Written by: Torbjørn Sindballe
The appealing thought of running as nature intended is a hot topic in the running community these days. Articles, blogs and websites about barefoot running are published every day, and the possibility that we have been misled by a calculating shoe industry to believe that dual density mid-soles, plastic bridges, gels and air bags were the truthful answer to our prayers of injury-free running are an intriguing story to many.
Most recently, the book “Born to Run” by avid ultrarunner and journalist Christopher McDougall has made the barefoot craze explode after its 40-year hiatus from the running scene. While searching for an answer to the simple question, “Why does my foot hurt?” McDougall ended up with the indigenous Mexican Tarahumara people, whose ability to run for days on end wearing only thin leather sandals or nothing at all was a radical contrast to the high-tech paradigm advocated by the running shoe industry. His book is the final installment in a long line of both anecdotal and scientific evidence suggesting that the world of running shoes is not what it seems.
The scientific front is led by renowned biomechanical scientist Peter Brüggemann. I had the pleasure of working with Brüggemann in the development of the Ecco Biom shoe. As I had been accustomed to the terms “cushioning” and “motion control” whenever I mentioned an injury, I was initially rather skeptical of his thoughts. I nevertheless had to bow my head in respect of the overwhelming evidence presented in favor of a more naturalistic approach to running shoes. Throughout the development process, I was able to test the ideas of a more natural approach to running on my own body. While I am still transcending to cushioned heights, I will offer my opinion on running in minimalist shoes, or even barefoot, in relation to preventing injuries and increasing performance.
Barefoot running was invented some 5 million years ago when we distinguished ourselves from the chimps by running and walking upright. Until the early 1970s, going barefoot and wearing minimalist leather shoes were preferred for walking and running. That alone is an interesting perspective on today’s running shoe technology, as humans have both walked and run for some 4,999,960 years without it. In 1972 Nike launched its first cushioned shoe with the waffle sole, thereby kick-starting the technology focused shoe paradigm we have witnessed ever since.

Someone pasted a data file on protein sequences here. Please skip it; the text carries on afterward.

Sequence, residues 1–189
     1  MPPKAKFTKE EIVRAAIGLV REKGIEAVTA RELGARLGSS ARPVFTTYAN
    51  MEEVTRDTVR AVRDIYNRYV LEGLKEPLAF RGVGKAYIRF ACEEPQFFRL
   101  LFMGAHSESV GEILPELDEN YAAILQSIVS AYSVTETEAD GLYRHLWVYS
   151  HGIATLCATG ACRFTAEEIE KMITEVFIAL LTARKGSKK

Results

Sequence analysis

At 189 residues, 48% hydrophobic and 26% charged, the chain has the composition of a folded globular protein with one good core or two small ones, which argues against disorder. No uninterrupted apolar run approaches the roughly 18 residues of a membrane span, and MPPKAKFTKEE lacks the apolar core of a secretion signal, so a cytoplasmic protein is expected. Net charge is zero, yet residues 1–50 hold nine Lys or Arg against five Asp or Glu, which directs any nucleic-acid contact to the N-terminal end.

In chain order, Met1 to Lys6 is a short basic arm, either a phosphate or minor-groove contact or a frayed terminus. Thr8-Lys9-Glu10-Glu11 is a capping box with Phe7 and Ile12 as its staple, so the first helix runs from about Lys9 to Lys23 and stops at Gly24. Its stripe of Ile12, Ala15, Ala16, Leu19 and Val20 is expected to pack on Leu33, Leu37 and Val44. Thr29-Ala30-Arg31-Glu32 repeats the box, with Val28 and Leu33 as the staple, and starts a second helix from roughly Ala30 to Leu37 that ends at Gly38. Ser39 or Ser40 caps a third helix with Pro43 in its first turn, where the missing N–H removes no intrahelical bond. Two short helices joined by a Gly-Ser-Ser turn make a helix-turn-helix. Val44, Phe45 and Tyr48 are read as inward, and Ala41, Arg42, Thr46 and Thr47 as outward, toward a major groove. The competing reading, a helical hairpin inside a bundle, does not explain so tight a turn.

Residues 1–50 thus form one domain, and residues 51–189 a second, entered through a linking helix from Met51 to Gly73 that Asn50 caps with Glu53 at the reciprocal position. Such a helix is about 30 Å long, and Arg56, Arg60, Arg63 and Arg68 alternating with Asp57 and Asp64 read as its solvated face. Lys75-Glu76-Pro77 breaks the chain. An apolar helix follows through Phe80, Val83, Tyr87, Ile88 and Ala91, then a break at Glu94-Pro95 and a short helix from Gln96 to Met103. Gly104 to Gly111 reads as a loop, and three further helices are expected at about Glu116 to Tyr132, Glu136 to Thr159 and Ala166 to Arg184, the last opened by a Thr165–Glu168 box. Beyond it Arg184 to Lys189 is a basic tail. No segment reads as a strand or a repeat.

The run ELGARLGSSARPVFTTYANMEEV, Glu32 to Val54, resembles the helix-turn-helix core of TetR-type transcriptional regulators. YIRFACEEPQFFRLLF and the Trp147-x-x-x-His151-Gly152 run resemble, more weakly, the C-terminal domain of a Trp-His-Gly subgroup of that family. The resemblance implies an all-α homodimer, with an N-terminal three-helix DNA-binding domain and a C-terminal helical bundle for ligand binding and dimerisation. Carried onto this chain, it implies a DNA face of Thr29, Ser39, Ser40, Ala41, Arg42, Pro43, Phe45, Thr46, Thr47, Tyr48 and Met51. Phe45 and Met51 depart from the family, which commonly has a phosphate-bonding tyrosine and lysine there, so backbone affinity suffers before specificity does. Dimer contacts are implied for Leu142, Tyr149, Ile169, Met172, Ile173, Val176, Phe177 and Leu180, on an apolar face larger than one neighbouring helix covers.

On the elite running scene, bare feet are old news. In the 1960s Abebe Bikila of Ethiopia won the Olympic gold medal in the marathon in bare feet. Over the following decades other runners such as South African Zola Budd resisted the tempting offerings from the shoe industry and followed her natural instinct to run barefoot. Recently, greater interest has been focused on the Kenyan domination in distance running, and while Kenyans have usually worn shoes in races because of large sponsorship agreements, most of them have grown up running on their bare feet to from school some 10-plus miles every day.
In the scientific community, there has also been an interest in the effects of wearing running shoes. Harvard University paleoanthropologist Daniel Liebermann has researched differences in gait between habitually barefoot runners in Africa and habitually shod runners from the Western world. His research indicates that shoes alter the strike pattern toward a larger percentage of heel striking. Upwards of 75 percent of shod runners are heel striking while the trend is rarely seen among barefoot runners in Africa. Liebermann´s research also shows that when habitually shod runners drop the shoes, their gait pattern changes toward a more “natural” fore- or mid-foot strike. Heel striking moves the shock dampening to the knees and hips and decreases the ability to use the natural elastic springs we have in the large Achilles tendon and underneath the foot. When overstriding, heel striking even presents a braking force to our forward movement, increasing the unnecessary stress on our body. Despite these observations and theories, there is still no direct evidence that heel striking is the cause of injuries.